More than 90 years after the Armenian genocide, University professor Taner Akçam is in the middle of a controversial debate that recently turned deadly.
The murder of Hrant Dink, a prominent Armenian newspaper editor in Turkey, sent shockwaves around the world. It especially hit home for Akçam, a visiting professor in the University's Center for Holocaust and Genocide Studies.
Akçam has been accused of insulting Turkishness because of his outspoken position on the existence of the Armenian genocide and his recently published book, "A Shameful Act." Now he faces similar accusations as Dink, which contributed to the journalist's death on Jan. 19.
"He was shot on the street in front of his newspaper," Akçam said. "He was murdered."
Armenian editor Dink and Turkish columnist Akçam both faced scrutiny for their positions on the Armenian/Turkish issue.
Subsequently, the men have been investigated under a Turkish law that is often associated with speaking against the government for committing genocide.
"We both had one objective: … to stop the discrimination against minorities in Turkey, to end the distortion in Turkish history and to change the perversion of what it means to be Turkish," Akçam said.
Though Dink was outspoken about the crimes against the Armenian people, Akçam said Dink never used the word "genocide."
"Any time (Dink) was asked if genocide took place or not, he always cracked a smile," Akçam said. "He didn't place a lot of importance on the term. He would always say, 'I know what happened to my people.' "
Only once, during an interview with Reuters in 2006, did Dink use the word genocide.
"He hesitated to use it in Turkish context, because he told me, 'Taner, when I use this term, it creates a certain tension, animosity, and my message cannot go though. That's why I'm not using (it) and, because for me, the important thing is my message goes through.'"
Shortly after Dink's interview, the Turkish government filed a criminal complaint against him.
In August 2006, Akçam wrote an article in support of Dink's position. The Turkish government then filed a criminal complaint against Akçam.
"I wrote for everyone reading this article to participate in this crime that Hrant is accused of," Akçam said.
He attended Dink's funeral in Istanbul on Jan. 23.
Human rights groups Amnesty International and Human Rights Watch have called for the repealing of Article 301, the law Akçam is charged with breaking, citing that it poses a direct threat to freedom of expression.
Turkishness "is not defined in the law, so the judges and the nationalists have a very vague definition of this term and they are attacking the individuals," Akçam said.
The Middle East Studies Association of North America wrote a letter to the Prime Minister of Turkey, claiming that scholars and public intellectuals writing about the Armenian/Turkish issue "operate in an atmosphere of increased intimidation." The organization specifically cites Dink's death and Akçam's safety.
University of Louisville professor Justin McCarthy sits at the other side of the spectrum.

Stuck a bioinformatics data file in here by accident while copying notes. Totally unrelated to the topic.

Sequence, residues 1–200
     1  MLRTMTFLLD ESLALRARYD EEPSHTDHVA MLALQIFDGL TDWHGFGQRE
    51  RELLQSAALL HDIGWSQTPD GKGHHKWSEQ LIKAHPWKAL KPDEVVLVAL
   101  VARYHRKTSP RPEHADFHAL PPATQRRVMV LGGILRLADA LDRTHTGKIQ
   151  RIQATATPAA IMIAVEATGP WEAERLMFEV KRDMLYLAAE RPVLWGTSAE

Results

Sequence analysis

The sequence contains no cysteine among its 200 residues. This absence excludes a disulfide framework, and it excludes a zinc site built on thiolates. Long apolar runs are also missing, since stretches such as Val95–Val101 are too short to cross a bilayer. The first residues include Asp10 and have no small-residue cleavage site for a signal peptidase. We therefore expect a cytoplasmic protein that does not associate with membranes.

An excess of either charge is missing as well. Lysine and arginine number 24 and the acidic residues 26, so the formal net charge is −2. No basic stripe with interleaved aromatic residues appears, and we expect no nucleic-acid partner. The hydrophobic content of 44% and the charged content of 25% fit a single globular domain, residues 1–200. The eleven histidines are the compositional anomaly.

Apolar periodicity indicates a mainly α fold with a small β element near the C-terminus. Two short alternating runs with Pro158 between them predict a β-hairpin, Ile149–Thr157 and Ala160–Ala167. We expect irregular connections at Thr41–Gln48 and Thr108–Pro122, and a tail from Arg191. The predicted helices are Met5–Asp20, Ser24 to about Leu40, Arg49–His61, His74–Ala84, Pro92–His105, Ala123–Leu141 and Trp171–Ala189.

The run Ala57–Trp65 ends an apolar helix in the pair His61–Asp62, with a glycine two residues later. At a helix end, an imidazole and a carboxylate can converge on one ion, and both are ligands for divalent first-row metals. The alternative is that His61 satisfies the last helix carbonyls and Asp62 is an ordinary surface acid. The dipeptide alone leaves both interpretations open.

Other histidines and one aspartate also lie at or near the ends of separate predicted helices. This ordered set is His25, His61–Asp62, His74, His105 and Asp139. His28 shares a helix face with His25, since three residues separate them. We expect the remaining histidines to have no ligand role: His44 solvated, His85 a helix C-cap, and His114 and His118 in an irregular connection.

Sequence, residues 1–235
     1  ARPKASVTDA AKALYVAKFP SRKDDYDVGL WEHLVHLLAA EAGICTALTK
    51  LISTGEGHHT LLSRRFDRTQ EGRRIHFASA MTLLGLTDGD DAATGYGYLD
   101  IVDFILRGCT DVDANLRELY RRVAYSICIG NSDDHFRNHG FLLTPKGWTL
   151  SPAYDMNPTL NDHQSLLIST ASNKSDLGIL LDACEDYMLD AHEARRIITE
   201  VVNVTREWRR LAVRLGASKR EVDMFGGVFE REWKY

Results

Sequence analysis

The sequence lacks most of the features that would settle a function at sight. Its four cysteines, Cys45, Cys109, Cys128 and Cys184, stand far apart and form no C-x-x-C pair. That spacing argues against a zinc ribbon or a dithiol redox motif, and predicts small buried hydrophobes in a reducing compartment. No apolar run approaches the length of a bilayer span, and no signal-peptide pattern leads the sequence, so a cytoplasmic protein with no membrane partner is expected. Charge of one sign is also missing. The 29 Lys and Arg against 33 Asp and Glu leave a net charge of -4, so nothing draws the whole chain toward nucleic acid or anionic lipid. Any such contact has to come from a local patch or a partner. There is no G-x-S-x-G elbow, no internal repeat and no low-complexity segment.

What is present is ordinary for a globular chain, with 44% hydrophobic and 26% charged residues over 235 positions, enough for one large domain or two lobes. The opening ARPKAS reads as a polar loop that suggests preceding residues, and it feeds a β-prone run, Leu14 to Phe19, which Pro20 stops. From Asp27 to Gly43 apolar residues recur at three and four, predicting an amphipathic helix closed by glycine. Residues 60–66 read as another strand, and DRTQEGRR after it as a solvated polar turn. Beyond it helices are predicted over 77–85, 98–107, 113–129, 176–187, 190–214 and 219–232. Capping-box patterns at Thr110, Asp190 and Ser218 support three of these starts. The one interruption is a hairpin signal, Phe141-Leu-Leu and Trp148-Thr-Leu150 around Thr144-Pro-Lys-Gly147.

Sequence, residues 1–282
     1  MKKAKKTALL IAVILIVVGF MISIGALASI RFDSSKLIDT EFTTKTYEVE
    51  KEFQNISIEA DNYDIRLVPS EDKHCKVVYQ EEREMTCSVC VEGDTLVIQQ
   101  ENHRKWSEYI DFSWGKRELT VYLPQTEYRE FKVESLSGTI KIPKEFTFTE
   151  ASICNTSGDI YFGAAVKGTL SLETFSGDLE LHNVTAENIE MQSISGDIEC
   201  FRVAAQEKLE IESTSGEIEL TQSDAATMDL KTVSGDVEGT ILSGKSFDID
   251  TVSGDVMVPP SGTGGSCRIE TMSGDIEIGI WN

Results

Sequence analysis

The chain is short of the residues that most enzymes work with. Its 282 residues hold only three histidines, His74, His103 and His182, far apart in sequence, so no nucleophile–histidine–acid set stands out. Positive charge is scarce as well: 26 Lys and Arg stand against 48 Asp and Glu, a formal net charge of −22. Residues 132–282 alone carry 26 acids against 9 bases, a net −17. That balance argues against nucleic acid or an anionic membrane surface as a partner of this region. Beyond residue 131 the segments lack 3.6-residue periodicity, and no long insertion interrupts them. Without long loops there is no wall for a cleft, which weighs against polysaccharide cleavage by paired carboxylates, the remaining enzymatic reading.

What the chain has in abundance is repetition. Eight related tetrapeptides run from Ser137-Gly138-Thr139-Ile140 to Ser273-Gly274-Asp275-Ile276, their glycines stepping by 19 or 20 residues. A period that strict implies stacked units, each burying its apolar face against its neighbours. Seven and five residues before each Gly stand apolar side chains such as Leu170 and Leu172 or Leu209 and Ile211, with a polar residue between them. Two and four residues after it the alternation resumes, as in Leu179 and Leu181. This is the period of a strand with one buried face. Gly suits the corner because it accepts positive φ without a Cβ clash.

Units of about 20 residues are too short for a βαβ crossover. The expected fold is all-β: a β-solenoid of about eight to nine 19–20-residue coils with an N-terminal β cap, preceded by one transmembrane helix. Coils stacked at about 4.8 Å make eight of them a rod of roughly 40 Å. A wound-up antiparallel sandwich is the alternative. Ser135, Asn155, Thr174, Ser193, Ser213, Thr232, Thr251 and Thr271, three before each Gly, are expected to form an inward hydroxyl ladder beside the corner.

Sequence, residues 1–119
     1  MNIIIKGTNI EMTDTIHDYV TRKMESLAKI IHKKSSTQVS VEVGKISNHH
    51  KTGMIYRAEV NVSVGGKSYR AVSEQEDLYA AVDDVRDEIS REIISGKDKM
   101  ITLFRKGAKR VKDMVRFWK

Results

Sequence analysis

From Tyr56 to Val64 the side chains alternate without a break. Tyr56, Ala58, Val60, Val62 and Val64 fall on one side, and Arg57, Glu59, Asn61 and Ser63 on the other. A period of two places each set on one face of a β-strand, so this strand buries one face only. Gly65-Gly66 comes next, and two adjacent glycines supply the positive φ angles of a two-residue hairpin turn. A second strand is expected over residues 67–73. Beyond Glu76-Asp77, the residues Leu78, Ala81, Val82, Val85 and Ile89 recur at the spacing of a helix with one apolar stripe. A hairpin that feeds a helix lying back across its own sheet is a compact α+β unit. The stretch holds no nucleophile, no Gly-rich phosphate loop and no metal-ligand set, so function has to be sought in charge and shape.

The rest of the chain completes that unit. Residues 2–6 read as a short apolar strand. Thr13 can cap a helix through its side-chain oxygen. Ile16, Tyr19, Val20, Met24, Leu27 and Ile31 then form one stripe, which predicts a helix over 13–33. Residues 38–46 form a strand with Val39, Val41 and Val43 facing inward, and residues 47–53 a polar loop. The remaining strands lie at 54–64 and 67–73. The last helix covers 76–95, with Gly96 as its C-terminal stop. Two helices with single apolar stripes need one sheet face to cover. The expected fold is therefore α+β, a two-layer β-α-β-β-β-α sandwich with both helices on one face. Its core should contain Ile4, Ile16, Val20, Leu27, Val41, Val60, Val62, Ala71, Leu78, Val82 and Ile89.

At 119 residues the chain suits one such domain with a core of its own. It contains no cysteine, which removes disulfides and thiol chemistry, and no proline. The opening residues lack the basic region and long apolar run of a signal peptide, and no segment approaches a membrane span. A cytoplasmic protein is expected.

McCarthy said he believes the Armenian/Turkish issue was a mutual clash in which both sides were well-armed and responsible for deaths.
He contests that the deportation of Armenians was a relocation strategy of the Turkish government, similar to the internment of Japanese-Americans in 1942 by the United States, but, he said, with much better reason.
McCarthy said there is a historical bias against the Turkish people who were simply acting in a justified manner against the Armenians.
With a background in demography, McCarthy said the numbers of Armenians killed during this time has been inflated. He places the deaths at 600,000 instead of the 1 million to 1.5 million that are generally accepted.
McCarthy said he believes the Armenian people are held as "higher specimens" over the Turks.
In the past, he said, the Armenians have killed some 30 Turkish diplomats. But, "how many of them got a picture on the front page of The New York Times?"
William Jones, an expert on Turkey with Amnesty International, said Article 301 has led to corruption in the country.
"What has happened in Turkey is that the Article 301 has become a favorite piece of the penal code that's being used by right-wing nationalists to bring cases against people."
Along with Dink and Akçam, other prominent scholars such as Orhan Pamuk, who recently won the Nobel Prize in literature, have been charged under Article 301.
"Amnesty (International) has been calling for the abolishment for Article 301 for some time," Jones said.
Dink's assassination shows similarities to other murders in the past year, Akçam said.
"Behind all these activities, there is always a retired army officer or a group of army officers, and there is a pattern with all these assassinations and attacks."
Jones acknowledged an extremist movement, but he said no one knows if this group exists.
"Dink became a target through these people who were using 301 against him," he said. "It got his name in the press."
The Daily contacted the Turkish Embassy in Washington, but it was unavailable for comment.
Akçam's book, "A Shameful Act," recounts the Turkish government's involvement in the Armenian genocide and was recently nominated for a Minnesota Book Award.